Did I ever tell you I studied Music…a long long time ago? I actually use to dream of becoming a famous ethnomusicologist, travelling the world getting to know indigenous cultures and writing about their music…because music is the universal language. During that time, I was also very much into traditional chinese music. I for one, I loved the complexity of tone in chinese music. My grandfather used to tell me a story of his first experience with western music when he had the opportunity to see a european orchestra perform in his school in china (this was a very very long time ago — before the cultural revolution). The musicians walked in row by row. When all the rows were filled, the 1st violinist nodded his head, striked a note on his violin, and one by one the other musicians tuned to meet his pitch. After the musicians had finished tuning their instruments, they were met with a heartfelt round of applause…my grandfather said, they had never heard western music and was so overcome with delight at the harmonious sounds of these strange instruments, that they couldn’t help but applaud. He told me this story several times as a child, and I have to smile because having grown up with western music and studying it, I find myself overcome with delight when I hear the melancholy bittersweet cries of an Erhu, taking me to dreams of a time when the chinese were immortal and could fly… This is dedicated to my grandfather and to over two thousand years of music history in China. May today’s china have the wisdom to set their artists free* and let the music play.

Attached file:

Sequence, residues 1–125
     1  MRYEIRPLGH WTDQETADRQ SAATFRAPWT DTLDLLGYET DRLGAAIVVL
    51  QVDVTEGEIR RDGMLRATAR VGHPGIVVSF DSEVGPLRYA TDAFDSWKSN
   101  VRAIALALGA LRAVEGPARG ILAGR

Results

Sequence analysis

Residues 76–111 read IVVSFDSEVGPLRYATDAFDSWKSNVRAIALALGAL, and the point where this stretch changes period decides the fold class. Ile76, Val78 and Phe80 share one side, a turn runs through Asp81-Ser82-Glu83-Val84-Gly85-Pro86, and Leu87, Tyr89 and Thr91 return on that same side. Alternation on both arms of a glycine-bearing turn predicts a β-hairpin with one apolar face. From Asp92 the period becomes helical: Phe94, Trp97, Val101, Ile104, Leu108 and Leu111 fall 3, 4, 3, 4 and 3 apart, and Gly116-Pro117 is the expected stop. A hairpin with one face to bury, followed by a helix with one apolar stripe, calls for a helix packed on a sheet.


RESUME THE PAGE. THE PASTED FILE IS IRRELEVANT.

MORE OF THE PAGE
* free Ai Weiwei!!